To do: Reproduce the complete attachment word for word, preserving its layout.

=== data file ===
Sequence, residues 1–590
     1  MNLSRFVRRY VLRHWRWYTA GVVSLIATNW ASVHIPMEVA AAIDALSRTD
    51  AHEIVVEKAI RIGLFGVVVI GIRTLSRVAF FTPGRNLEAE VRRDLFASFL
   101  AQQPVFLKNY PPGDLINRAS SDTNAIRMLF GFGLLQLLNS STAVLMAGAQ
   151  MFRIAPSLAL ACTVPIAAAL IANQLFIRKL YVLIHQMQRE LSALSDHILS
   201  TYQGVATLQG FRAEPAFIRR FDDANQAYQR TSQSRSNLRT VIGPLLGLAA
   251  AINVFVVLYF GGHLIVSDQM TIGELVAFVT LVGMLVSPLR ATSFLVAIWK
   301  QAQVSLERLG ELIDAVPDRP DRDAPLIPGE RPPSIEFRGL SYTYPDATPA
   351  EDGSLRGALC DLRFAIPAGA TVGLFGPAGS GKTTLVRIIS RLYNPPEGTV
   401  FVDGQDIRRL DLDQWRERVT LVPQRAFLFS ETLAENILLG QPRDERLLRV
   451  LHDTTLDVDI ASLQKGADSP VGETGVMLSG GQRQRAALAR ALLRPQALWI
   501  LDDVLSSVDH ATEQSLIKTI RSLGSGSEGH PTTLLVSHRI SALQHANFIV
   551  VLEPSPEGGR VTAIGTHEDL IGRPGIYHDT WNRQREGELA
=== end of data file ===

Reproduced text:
Sequence, residues 1–590
     1  MNLSRFVRRY VLRHWRWYTA GVVSLIATNW ASVHIPMEVA AAIDALSRTD
    51  AHEIVVEKAI RIGLFGVVVI GIRTLSRVAF FTPGRNLEAE VRRDLFASFL
   101  AQQPVFLKNY PPGDLINRAS SDTNAIRMLF GFGLLQLLNS STAVLMAGAQ
   151  MFRIAPSLAL ACTVPIAAAL IANQLFIRKL YVLIHQMQRE LSALSDHILS
   201  TYQGVATLQG FRAEPAFIRR FDDANQAYQR TSQSRSNLRT VIGPLLGLAA
   251  AINVFVVLYF GGHLIVSDQM TIGELVAFVT LVGMLVSPLR ATSFLVAIWK
   301  QAQVSLERLG ELIDAVPDRP DRDAPLIPGE RPPSIEFRGL SYTYPDATPA
   351  EDGSLRGALC DLRFAIPAGA TVGLFGPAGS GKTTLVRIIS RLYNPPEGTV
   401  FVDGQDIRRL DLDQWRERVT LVPQRAFLFS ETLAENILLG QPRDERLLRV
   451  LHDTTLDVDI ASLQKGADSP VGETGVMLSG GQRQRAALAR ALLRPQALWI
   501  LDDVLSSVDH ATEQSLIKTI RSLGSGSEGH PTTLLVSHRI SALQHANFIV
   551  VLEPSPEGGR VTAIGTHEDL IGRPGIYHDT WNRQREGELA